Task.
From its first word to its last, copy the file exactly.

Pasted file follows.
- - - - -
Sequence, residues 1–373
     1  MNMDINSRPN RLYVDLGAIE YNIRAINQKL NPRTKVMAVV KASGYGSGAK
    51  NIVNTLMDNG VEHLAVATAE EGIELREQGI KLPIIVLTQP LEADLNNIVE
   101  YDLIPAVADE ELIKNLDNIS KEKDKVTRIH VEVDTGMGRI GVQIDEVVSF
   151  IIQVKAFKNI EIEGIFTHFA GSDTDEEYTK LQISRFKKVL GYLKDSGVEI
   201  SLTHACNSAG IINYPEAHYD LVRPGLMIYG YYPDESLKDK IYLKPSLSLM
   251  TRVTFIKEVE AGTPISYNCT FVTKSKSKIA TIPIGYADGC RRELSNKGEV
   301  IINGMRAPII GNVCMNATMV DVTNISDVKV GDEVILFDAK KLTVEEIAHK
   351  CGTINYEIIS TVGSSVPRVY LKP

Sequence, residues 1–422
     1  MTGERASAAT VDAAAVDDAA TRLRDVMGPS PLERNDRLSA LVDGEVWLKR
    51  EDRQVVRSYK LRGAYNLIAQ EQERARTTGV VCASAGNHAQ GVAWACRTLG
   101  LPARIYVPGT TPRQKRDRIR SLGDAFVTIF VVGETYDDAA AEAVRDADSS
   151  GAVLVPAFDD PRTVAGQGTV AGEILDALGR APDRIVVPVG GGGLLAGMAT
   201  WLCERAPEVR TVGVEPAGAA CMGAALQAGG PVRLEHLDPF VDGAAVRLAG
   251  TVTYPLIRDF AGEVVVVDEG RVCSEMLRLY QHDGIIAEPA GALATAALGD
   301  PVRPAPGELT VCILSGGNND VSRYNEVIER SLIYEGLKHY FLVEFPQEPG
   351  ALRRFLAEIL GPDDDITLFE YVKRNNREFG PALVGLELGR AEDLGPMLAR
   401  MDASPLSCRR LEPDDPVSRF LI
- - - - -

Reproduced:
Sequence, residues 1–373
     1  MNMDINSRPN RLYVDLGAIE YNIRAINQKL NPRTKVMAVV KASGYGSGAK
    51  NIVNTLMDNG VEHLAVATAE EGIELREQGI KLPIIVLTQP LEADLNNIVE
   101  YDLIPAVADE ELIKNLDNIS KEKDKVTRIH VEVDTGMGRI GVQIDEVVSF
   151  IIQVKAFKNI EIEGIFTHFA GSDTDEEYTK LQISRFKKVL GYLKDSGVEI
   201  SLTHACNSAG IINYPEAHYD LVRPGLMIYG YYPDESLKDK IYLKPSLSLM
   251  TRVTFIKEVE AGTPISYNCT FVTKSKSKIA TIPIGYADGC RRELSNKGEV
   301  IINGMRAPII GNVCMNATMV DVTNISDVKV GDEVILFDAK KLTVEEIAHK
   351  CGTINYEIIS TVGSSVPRVY LKP

Sequence, residues 1–422
     1  MTGERASAAT VDAAAVDDAA TRLRDVMGPS PLERNDRLSA LVDGEVWLKR
    51  EDRQVVRSYK LRGAYNLIAQ EQERARTTGV VCASAGNHAQ GVAWACRTLG
   101  LPARIYVPGT TPRQKRDRIR SLGDAFVTIF VVGETYDDAA AEAVRDADSS
   151  GAVLVPAFDD PRTVAGQGTV AGEILDALGR APDRIVVPVG GGGLLAGMAT
   201  WLCERAPEVR TVGVEPAGAA CMGAALQAGG PVRLEHLDPF VDGAAVRLAG
   251  TVTYPLIRDF AGEVVVVDEG RVCSEMLRLY QHDGIIAEPA GALATAALGD
   301  PVRPAPGELT VCILSGGNND VSRYNEVIER SLIYEGLKHY FLVEFPQEPG
   351  ALRRFLAEIL GPDDDITLFE YVKRNNREFG PALVGLELGR AEDLGPMLAR
   401  MDASPLSCRR LEPDDPVSRF LI